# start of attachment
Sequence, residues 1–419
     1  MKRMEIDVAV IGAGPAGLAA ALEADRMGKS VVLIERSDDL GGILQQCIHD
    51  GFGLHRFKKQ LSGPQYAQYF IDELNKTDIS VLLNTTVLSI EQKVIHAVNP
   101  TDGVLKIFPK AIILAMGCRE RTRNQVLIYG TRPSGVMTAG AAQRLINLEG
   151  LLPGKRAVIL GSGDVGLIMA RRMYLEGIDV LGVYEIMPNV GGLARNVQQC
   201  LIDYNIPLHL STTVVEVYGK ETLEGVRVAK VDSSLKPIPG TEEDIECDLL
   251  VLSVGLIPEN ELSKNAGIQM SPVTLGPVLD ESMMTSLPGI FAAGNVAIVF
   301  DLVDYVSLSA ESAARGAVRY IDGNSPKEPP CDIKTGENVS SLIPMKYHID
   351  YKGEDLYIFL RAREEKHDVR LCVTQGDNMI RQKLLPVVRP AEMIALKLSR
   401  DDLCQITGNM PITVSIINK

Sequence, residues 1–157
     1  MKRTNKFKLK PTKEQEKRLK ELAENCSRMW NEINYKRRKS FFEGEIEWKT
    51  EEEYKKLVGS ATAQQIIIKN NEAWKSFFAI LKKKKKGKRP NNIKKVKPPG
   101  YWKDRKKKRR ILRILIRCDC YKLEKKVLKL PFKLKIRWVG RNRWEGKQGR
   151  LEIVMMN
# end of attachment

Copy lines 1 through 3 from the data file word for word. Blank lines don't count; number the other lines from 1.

Sequence, residues 1–419
     1  MKRMEIDVAV IGAGPAGLAA ALEADRMGKS VVLIERSDDL GGILQQCIHD
    51  GFGLHRFKKQ LSGPQYAQYF IDELNKTDIS VLLNTTVLSI EQKVIHAVNP